Street Children
Street Children
Legal action is to be taken against those trafficking in Street Children

The Ministry of Gender Labour and Social Development has warned individuals who traffic children from Karamoja and Moroto districts that legal action will be taken against them, once investigations reveal culprits.

Assistant Commissioner Youth and Children Department in the Ministry, James Kaboggoza Ssembatya said that the traders promise the children parents 20,000 UGX   per month and put children on the streets.

He said these unscrupulous individuals pocket the rest of the money collected through street begging.

He notes that although the Ministry’s policy advocates for children to be removed from the streets once they appear, more children are emerging on the streets notably from Moroto and Karamoja.

Kaboggoza points out that 80% of the children on the streets of Kampala hail from the two districts, which suffer from harsh climatic conditions, abject poverty and insecurities associated with cattle rustling.

Kaboggoza regretted that efforts to protect these children from abuse such as sexual harassment, trafficking, exploitation and child sacrifice, sometimes have not worked well.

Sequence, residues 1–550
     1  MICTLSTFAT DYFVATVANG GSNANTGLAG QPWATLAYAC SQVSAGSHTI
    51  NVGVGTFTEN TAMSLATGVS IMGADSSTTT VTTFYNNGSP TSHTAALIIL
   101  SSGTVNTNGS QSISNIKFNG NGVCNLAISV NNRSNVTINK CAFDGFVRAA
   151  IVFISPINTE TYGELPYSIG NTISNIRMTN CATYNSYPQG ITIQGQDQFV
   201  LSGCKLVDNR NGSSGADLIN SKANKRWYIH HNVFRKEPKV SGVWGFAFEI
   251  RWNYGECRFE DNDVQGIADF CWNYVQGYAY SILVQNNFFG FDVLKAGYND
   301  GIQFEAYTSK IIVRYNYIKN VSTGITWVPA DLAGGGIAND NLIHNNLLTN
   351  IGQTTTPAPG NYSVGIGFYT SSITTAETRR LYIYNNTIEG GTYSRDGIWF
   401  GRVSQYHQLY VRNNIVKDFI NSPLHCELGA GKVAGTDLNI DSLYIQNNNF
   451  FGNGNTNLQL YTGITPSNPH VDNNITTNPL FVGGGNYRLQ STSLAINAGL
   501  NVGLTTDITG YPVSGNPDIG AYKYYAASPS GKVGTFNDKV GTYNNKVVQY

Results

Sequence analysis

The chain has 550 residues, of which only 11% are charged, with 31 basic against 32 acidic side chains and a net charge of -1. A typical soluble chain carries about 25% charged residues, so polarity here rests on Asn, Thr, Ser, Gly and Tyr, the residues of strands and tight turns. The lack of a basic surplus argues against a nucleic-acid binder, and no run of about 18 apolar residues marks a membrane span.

He says the ministry is working with the Prime Minister Office to create long term solutions such as provision of security, constructing water dams, irrigation and farming to support the community and dissuade children from taking to streets.

The trafficking persons act and a task force to prevent human trafficking also aims at protecting children from unscrupulous and illegal traders. He added.

Stella Ayo Odongo, Executive Director Uganda Child Rights, argued that street children are the most vulnerable and unprotected group in Uganda.

She maintains that to address the problem of street children, it is important to eliminate all factors that push them to the streets.

Odongo was speaking during the launch of nominations for the Tumaini Awards 2013. The awards target individuals and organizations that help unshackle children from early marriages, female genital mutilation, child sacrifice, trafficking and other social ills.



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